I like the way the fabric is pleated in the back and front, visibly narrowing the waist.

    I am very, very confused by a heavy fabric on the arm and a shiny soft fabric on the sleeve poof. I’m not totally sold on the cuffs/hem in the damask, but I’m not burningly offended by them.

    Not enough wonderful, and a few things odd.


  14. There are some elements I absolutely love, and others I’m somewhat indifferent or even dislike a bit. I love the pink and the pleating, and the play of the different types of fabric.
    The length of the hem on that bodice is frustrating me. I’m with the others who said they’d like to see it shorter, which I find interesting because I’ve often liked that length for shirts myself.
    The sleeve puff is meh. I think if it was just the puffs I”d like it more than I do with the long sleeves after.


  15. Nannynorfolk says

    I agree with lots of comments, I especially dislike the puff sleeves, totally unnecessary. I don’t think it is an evening dress, maybe a walking out dress for spring? The full stomach and hips, maybe the wearer was in early pregnancy? Or she may have had biggish hips, anyway we’ll never know, wouldn’t it be nice to have known what these women looked like who wore all these clothes, shame there are no photos as there were ones at this date. Anyway the dress is very pretty and quite elegant.

    • Very curvaceous stomachs and hips were fashionable in this period. Full hips and a round stomach give the impression of a smaller waist, because of the contrast. Women wore bustles and hip pads that emphasised the hips, and corsets were really designed to exaggerate them far more than they were designed to make the waist smaller. So the wearer could have had a very slim figure – just with lots of fashionable padding to achieve the body ideals of the time.

  16. Daniel Milford-Cottam says

    Strange dress. I’m a bit unsure of what I should make of it. It’s pretty atypical. I love the sculptural quality of the jacket, the darts are perfectly balanced and it has presence. The colour is a bit too sugary sweet and I don’t actually like the dress that much. Everything just seems to be just a tiny bit off despite also being very well done. Lots of conflicting messages. I suppose it’s a dubious 5.5/10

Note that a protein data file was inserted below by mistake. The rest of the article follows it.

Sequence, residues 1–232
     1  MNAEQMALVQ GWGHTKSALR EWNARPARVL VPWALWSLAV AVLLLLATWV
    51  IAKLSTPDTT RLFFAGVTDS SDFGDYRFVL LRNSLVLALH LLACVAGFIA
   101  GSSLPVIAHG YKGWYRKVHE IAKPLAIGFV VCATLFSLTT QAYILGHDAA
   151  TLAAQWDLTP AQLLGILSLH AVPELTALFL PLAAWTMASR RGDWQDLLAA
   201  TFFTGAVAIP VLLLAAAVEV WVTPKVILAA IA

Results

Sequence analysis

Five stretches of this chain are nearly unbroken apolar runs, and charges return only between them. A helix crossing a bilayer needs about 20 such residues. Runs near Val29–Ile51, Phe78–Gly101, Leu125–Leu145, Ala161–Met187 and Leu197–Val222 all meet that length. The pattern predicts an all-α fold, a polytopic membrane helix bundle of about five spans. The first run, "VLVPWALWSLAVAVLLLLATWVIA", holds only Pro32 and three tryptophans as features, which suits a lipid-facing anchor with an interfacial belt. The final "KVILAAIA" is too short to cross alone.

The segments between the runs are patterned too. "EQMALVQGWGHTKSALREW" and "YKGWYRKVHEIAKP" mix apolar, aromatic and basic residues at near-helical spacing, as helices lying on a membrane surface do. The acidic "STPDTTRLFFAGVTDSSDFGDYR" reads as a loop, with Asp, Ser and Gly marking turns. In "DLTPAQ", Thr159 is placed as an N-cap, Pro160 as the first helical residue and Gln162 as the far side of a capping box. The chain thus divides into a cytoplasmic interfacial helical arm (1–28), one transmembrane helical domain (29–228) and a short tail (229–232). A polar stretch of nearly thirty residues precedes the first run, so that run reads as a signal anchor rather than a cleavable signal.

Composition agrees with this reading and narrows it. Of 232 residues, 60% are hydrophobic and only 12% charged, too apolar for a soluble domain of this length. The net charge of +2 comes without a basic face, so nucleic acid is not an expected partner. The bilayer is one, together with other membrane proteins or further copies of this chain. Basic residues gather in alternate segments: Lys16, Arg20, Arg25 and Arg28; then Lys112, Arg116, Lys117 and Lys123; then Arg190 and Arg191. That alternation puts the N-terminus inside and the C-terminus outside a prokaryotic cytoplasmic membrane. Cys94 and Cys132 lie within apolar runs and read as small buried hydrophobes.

17. Tsu Dho Nimh says

    Very crisp and cool, rigidly prim and proper. Exactly what Madam Undersecretary Professor Dolores Umbridge’s great grandmother would have worn.

    – for the front gap (bad underpinnings?)
    – for the plain band on the hem (a pleated trim like the back insert would have been.


  18. Nicole B. says

    I really like this shapely garment–I just can’t muster the words right now to explain to myself why. It isn’t like pink is a favorite color of mine. I guess it works well in this combination? I do like the pleats, for sure.

    Anyway, I’ve just never seen anything like it!

  19. Nynke says

    You know when, in the 21st century, someone says “she looks pregnant in that dress”, and that it is criticism, instead of a compliment? That’s how I feel about this dress. As stated in the text, 19th century aestetics were very different, but my modern eye has a lot of trouble looking past that, mostly due to the cream inset. The colorscheme of very pale pink and off-white combined with the simple design gives it a kind of soft, submissive femininity that gives me the jitters. Also, the sleeve-heads are droopy (but that was probably better when the dress was worn)

    So, 4/10

  20. Funny, but I think the back works nicely and might have made an interesting vest front. Even if the front had been mounted more carefully so that the bodice fronts met, the angle of the jacket opening could have been less extreme. Otherwise, the dress is nicely designed and works as a unit in both cut and color. As a fashion plate it’d have been an “ooh”. 7/10

  21. Lucy says

    -glorious damask!
    -I like the colour combination, but possibly a bit too pale and sweet? I feel like it could do with a bit of contrast somewhere.
    -fun fake-waistcoat effects, and I’m enjoyimg the way the damask inserts visually narrow the waist
    -I feel like that colour doesn’t work on pale Northern Europeans unless they’re /extremely/ pale. Wonder what colour the original owner was?